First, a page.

Save the Date! Webinar on Peer-run Organizations Serving People with Behavioral Health Conditions and Criminal Justice Involvement on January 19, 2017

A webinar on Peer-run Organizations That Serve Individuals with Behavioral Health Conditions and Criminal Justice Involvement will be hosted by the National Mental Health Consumers’ Self-Help Clearinghouse and the Temple University Collaborative on Community Inclusion on January 19, 2017, at 2 p.m. ET. The presenters will be Rita Cronise of the International Association of Peer Supporters, Ellen Healion of Hands Across Long Island, and Steve Miccio of PEOPLe, Inc. Harvey Rosenthal, executive director of the New York Association of Psychiatric Rehabilitation Services, will moderate. The 90-minute webinar grew out of a survey of peer-run programs serving people with behavioral health conditions and criminal justice involvement by the College for Behavioral Health Leadership’s Peer Leader Interest Group, Mental Health America, the Clearinghouse, and the TU Collaborative. A registration link will be provided in the December 2016 edition of the Key Update as well as via social media.

Surgeon General Releases Facing Addiction in America

On November 17, Facing Addiction in America, the Surgeon General’s Report on Alcohol, Drugs and Health was published. According to the Surgeon General’s Office, the publication “reviews what we know about substance misuse and how you can use that knowledge to address substance misuse and related consequences. The last chapter of the Report presents a vision for the future, five general messages, their implications for policy and practice, and recommendations for specific stakeholder groups.” For more information and to download the free report, click here.

Prison Activist Resource Center Publishes New Edition of Free Prisoner Resource Directory

The Prison Activist Resource Center (PARC) has just published its Fall 2016 edition of the Prisoner Resource Directory. PARC writes: “[W]e have added a re-entry resources section, a prison writing and art section, and have updated the addresses for many of our listings. Thanks to the thousands of readers who have written letters of support and encouragement, and to those who return our evaluation form enabling us to get a better idea of the true readership of the directory and let us know which direction to take when adding new categories or information. Special thanks to those who pass on the directory to others—our resource directory is widely circulated in jails and prisons with each copy viewed by an average of 15 or more persons.” For more information and to download the free 24-page directory, click here.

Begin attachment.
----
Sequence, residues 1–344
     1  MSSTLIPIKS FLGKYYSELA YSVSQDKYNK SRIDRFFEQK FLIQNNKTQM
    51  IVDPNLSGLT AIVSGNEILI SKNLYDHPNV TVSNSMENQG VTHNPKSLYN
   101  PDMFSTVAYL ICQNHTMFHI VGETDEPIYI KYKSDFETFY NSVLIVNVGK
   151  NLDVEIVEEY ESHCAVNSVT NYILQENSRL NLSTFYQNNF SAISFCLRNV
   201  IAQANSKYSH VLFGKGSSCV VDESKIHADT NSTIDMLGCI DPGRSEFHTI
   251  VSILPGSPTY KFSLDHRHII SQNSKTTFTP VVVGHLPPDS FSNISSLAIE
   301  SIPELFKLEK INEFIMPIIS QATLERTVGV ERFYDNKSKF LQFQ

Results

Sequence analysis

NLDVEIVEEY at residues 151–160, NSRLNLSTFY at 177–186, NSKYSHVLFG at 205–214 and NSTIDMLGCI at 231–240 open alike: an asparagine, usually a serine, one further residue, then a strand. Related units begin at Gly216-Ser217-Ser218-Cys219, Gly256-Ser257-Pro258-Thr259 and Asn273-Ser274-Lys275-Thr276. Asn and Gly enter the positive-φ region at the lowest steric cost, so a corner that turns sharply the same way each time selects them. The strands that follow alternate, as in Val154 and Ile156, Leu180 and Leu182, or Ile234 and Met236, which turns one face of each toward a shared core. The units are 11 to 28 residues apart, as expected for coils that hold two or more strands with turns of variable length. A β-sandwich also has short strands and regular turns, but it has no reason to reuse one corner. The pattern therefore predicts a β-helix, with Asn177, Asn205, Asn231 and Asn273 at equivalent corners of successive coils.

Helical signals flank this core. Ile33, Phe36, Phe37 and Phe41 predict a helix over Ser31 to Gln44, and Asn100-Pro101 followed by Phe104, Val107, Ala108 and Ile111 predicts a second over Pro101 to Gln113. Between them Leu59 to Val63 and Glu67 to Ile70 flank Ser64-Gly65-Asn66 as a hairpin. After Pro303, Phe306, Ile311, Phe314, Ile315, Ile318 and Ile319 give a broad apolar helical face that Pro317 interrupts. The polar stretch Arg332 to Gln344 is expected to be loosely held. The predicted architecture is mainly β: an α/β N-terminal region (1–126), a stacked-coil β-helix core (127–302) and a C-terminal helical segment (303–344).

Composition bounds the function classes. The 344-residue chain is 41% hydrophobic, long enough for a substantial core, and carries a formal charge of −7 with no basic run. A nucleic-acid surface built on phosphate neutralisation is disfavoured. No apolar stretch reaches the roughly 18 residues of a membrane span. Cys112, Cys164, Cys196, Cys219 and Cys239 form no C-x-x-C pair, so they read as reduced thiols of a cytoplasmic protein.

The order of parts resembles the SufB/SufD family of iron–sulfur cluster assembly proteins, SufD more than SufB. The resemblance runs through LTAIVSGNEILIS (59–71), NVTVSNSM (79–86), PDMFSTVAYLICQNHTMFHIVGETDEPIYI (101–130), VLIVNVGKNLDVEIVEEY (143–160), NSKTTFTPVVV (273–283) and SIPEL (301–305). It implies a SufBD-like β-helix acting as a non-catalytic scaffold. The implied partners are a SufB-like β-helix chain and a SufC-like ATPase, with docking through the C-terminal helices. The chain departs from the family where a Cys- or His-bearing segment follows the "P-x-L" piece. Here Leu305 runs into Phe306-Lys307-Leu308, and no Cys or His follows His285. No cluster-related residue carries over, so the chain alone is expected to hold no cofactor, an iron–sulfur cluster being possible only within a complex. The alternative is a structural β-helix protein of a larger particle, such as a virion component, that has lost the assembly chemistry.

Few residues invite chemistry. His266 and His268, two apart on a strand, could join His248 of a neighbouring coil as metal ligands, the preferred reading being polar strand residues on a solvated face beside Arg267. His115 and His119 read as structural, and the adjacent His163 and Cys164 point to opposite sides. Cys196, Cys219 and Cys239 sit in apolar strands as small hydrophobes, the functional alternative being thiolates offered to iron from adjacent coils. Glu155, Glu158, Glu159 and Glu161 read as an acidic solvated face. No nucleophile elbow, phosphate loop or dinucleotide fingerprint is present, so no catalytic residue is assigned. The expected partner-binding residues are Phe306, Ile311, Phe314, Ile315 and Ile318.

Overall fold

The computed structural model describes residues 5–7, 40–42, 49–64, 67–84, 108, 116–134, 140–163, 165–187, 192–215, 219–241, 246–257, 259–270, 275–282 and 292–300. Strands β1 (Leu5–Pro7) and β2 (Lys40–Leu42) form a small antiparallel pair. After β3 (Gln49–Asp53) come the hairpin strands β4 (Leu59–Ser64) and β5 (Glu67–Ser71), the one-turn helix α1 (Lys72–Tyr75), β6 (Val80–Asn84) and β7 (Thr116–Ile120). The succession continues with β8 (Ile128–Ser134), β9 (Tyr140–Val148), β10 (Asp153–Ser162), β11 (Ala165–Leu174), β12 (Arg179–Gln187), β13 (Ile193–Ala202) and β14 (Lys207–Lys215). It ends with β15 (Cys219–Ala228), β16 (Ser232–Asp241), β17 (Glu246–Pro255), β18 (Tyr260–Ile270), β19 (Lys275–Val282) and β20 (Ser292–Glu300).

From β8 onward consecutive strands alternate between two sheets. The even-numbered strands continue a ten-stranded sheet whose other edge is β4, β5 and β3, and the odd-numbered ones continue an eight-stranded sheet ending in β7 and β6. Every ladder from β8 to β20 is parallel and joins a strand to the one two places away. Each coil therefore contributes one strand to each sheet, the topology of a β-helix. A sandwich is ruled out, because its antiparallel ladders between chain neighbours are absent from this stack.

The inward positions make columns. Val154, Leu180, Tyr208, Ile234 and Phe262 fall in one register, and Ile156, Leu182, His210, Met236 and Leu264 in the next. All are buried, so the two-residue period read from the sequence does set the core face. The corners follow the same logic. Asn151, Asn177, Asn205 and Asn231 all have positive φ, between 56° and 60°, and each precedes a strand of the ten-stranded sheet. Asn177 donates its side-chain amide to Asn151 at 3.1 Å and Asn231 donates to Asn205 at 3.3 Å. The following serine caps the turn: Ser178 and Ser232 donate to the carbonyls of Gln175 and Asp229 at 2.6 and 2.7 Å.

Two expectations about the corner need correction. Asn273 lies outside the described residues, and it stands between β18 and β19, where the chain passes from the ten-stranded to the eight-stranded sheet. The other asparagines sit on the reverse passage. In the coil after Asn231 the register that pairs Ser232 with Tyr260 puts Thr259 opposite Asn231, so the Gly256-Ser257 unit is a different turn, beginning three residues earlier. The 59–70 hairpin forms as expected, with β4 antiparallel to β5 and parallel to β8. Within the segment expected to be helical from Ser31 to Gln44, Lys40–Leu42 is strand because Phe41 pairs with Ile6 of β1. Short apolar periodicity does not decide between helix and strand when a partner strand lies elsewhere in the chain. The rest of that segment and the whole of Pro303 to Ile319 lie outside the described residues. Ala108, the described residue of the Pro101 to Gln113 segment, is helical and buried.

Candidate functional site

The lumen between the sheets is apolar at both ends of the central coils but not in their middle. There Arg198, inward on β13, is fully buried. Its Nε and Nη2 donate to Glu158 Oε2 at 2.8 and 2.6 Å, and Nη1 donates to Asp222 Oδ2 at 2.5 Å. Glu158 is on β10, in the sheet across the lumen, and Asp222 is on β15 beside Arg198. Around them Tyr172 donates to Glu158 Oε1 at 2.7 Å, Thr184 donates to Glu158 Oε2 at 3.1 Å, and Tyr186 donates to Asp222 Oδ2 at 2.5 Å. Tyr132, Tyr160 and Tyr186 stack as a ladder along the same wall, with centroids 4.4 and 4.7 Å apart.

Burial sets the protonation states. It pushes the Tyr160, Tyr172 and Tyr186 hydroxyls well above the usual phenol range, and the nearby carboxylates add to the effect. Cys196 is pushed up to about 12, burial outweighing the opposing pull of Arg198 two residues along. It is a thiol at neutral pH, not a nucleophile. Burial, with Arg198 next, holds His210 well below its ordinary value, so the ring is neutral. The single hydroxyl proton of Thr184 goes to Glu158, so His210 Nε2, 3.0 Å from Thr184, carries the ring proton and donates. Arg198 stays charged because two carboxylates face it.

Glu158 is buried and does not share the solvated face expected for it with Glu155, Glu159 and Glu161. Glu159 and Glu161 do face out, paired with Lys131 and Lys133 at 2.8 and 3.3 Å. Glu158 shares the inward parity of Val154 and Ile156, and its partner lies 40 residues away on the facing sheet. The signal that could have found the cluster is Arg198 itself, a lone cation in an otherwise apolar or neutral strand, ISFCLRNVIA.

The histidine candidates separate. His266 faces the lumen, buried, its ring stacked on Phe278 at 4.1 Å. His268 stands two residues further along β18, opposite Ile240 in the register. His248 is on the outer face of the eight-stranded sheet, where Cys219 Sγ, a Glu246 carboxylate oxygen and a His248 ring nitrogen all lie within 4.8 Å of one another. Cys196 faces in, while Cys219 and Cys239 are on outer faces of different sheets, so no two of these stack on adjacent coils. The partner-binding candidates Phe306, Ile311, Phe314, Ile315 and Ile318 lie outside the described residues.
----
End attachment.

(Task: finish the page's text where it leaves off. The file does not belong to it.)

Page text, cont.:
How to Call Your Reps When You Have Social Anxiety

"When you struggle with your mental health on a daily basis, it can be hard to take action on the things that matter most to you,” writes Cordelia McGee-Tubb in her blog, Echo Through the Fog. “The mental barriers anxiety creates often appear insurmountable. But sometimes, when you really need to, you can break those barriers down. This week, with encouragement from some great people on the internet, I pushed against my anxiety and made some calls to members of our government. Here’s a comic about how you can do that, too. (Resources and transcript below.)” For the comic blog, click here.

TU Collaborative and MHA Publish Monograph on Community Inclusion from Caregivers’ Perspective

In recognition of National Caregivers Month (November), the Temple University (TU) Collaborative on Community Inclusion and Mental Health America have published Community Inclusion from the Perspective of Caregivers, based on a 2016 survey of nearly 500 caregivers of individuals with mental health conditions. The TU Collaborative writes: “Caregivers want providers, community institutions and the public to help foster more community inclusion for their loved ones, and for themselves. They call on policy makers and legislators to address structural issues, such as poverty, lack of transportation, and entrenched discrimination, and they implore educators, employers and the general public to become more educated about mental health issues, and to be more supportive, understanding and compassionate.” For more information and to download the free monograph, click here.